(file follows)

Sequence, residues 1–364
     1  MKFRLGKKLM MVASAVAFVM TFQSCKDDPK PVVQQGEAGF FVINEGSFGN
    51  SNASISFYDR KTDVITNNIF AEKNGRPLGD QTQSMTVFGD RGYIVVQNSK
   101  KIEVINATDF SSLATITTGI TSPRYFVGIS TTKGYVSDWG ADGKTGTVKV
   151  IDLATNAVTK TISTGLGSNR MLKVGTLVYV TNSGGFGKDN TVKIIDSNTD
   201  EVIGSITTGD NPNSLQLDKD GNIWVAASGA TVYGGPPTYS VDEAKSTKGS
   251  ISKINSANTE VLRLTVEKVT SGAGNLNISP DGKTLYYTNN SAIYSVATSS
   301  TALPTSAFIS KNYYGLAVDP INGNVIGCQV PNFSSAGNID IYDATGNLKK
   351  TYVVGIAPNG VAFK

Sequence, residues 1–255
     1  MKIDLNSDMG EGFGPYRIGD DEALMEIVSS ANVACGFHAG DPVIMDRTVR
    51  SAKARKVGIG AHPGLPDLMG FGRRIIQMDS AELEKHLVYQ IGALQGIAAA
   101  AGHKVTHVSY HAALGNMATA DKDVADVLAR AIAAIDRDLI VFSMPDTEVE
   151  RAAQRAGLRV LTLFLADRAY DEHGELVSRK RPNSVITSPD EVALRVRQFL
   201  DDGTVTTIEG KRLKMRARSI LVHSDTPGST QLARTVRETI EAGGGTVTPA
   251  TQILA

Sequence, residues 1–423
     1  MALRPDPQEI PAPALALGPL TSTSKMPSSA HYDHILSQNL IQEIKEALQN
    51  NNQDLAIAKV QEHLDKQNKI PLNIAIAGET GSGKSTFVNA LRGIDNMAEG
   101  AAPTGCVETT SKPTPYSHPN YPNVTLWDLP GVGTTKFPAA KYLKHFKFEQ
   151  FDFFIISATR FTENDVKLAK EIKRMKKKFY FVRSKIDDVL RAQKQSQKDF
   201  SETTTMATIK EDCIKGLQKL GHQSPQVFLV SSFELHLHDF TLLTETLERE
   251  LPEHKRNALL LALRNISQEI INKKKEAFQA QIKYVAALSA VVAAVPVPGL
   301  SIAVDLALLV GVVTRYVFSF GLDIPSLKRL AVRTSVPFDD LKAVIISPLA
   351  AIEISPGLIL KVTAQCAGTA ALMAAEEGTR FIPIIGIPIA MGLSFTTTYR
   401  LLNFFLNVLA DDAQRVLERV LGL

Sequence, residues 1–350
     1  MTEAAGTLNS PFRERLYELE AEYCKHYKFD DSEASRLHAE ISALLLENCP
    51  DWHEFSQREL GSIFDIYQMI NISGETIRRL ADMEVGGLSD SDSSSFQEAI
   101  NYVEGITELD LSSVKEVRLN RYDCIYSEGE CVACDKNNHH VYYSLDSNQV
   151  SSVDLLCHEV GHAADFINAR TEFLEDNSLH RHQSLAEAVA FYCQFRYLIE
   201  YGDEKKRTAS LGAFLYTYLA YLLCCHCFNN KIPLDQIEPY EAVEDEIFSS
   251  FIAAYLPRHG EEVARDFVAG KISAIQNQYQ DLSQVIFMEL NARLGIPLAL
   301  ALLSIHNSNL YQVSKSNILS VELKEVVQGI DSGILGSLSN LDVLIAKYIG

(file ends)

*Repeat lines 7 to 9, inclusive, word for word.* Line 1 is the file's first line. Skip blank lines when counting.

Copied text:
   251  ISKINSANTE VLRLTVEKVT SGAGNLNISP DGKTLYYTNN SAIYSVATSS
   301  TALPTSAFIS KNYYGLAVDP INGNVIGCQV PNFSSAGNID IYDATGNLKK
   351  TYVVGIAPNG VAFK